Beyond questions of representativeness, the Nationals arguably rival the Greens in terms of extremism and buffoonery. The Queensland LNP, an organisation dominated by ex-Nationals, recently voted to abolish Abstudy support payments to indigenous students. If ever the silly ''faceless man'' label deserved to be applied, it is with mining magnate Clive Palmer's influence upon the LNP.
Labor's navel-gazing, moreover, obscures the fact that very little policy has been generated on the other side of politics in the 4½ years since the Coalition lost office. Conservative politics is arguably experiencing a crisis of personnel, policy development and ideological torpor every bit as severe as Labor's.
For all his negativity, Tony Abbott, along with shadow minister for finance and deregulation Andrew Robb, is the only member of the Coalition since 2007 to have published a book. Even then, Robb's Black Dog Daze took the form of a brave (and important) memoir detailing his private battle with depression.
Alternatively, one might expect conservative think tanks and commentators to generate a positive agenda. Instead these folks sound like a broken record. Gerard Henderson recently denounced left-wing ''sandal-wearers'' for the 786th time; sometime this week economist Judith Sloan will argue that low wages (flexibility) are Australia's only salvation.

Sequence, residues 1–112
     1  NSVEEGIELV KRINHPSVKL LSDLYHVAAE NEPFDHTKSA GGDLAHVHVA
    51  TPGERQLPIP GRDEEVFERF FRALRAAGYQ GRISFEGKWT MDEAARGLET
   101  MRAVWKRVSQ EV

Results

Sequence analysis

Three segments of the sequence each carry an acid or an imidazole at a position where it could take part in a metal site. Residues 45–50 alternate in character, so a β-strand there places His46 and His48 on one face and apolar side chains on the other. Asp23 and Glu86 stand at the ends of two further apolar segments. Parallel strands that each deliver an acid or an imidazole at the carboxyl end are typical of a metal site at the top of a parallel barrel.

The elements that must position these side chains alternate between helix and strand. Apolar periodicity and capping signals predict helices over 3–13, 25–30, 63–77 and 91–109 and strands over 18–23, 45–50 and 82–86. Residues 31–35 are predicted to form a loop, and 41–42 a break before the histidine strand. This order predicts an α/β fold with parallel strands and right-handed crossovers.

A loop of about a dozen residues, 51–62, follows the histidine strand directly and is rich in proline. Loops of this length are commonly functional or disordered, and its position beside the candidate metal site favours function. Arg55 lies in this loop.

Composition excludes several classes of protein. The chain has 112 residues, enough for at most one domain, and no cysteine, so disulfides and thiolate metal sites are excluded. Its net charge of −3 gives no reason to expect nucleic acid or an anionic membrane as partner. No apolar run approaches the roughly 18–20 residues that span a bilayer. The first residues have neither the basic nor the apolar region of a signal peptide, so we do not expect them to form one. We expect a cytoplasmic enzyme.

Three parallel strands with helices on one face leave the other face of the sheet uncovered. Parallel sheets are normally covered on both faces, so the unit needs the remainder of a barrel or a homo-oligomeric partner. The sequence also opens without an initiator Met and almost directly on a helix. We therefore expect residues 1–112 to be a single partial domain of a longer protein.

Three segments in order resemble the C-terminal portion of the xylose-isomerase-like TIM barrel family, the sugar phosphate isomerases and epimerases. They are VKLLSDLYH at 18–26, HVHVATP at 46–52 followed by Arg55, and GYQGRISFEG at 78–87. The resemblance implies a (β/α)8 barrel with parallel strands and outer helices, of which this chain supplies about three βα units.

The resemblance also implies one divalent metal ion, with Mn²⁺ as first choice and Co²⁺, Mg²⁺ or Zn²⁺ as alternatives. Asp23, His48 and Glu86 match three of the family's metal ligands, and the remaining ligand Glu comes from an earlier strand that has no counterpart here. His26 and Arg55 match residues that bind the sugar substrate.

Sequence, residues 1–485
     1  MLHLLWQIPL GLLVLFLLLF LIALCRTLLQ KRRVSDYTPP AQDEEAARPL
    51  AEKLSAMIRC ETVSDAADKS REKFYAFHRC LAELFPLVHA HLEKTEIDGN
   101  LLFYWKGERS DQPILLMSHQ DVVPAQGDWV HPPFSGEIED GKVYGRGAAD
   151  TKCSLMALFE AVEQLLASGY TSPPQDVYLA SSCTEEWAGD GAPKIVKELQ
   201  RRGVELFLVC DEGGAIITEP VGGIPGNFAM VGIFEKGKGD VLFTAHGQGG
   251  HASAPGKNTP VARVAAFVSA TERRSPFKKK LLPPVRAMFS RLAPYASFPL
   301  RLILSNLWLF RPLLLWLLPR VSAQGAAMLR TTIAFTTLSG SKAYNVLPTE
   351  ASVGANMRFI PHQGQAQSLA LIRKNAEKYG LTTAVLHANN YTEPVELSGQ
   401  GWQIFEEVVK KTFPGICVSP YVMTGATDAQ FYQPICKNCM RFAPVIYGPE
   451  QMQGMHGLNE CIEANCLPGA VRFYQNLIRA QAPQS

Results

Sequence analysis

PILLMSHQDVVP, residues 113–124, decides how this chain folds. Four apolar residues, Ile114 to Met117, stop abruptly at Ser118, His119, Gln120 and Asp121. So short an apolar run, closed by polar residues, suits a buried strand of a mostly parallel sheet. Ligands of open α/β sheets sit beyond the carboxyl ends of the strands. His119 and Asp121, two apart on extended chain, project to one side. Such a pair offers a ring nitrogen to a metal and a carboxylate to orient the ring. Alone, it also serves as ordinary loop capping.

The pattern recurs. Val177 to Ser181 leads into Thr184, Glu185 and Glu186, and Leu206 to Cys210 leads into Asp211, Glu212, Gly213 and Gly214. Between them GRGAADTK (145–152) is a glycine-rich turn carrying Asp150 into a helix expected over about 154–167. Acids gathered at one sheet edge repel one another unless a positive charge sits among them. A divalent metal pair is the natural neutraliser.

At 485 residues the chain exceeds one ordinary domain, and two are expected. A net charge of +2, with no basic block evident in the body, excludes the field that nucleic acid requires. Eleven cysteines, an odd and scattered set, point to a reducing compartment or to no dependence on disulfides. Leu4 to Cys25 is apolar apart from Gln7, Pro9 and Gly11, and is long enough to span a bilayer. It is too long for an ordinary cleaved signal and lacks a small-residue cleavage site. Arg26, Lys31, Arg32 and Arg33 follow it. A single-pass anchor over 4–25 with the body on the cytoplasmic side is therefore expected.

Indeed, for the best part of a decade now, the right has defined itself negatively. After announcing his retirement from politics, Liberal senator Nick Minchin declared that he went into politics with the express purpose of preventing Labor from taking office. Alfred Deakin and Robert Menzies must be rolling in their graves.
With virtually every single opinion poll suggesting that Abbott will become Australia's 28th prime minister, this state of affairs should be of concern to all Australians, regardless of political affiliation. Neither sloganeering nor obstinacy will help negotiate the lingering global economic malaise or any other serious policy challenge.
In his 2009 John Button lecture, with Labor entrenched in office federally and in every state bar Western Australia, then federal finance minister Lindsay Tanner warned: ''The seeds of terminal decline are usually sown at the moments of greatest success.'' And so it came to pass. Conceivably, Labor will be out of office in every Australian jurisdiction come 2014.
Yet, just as Labor arguably wasted the Howard-era years of opposition, failing to do the hard policy yards or pursue meaningful internal reform, so, too, conservatives might see Abbott's reign as a lost opportunity. For now the siren song of power seduces even the most astute Liberal. Existential angst must wait for another day.
Nick Dyrenfurth is a lecturer in the National Centre for Australian Studies at Monash University and the author or editor of several books on Australian political history, including Confusion: The Making of the Australian Two-Party System.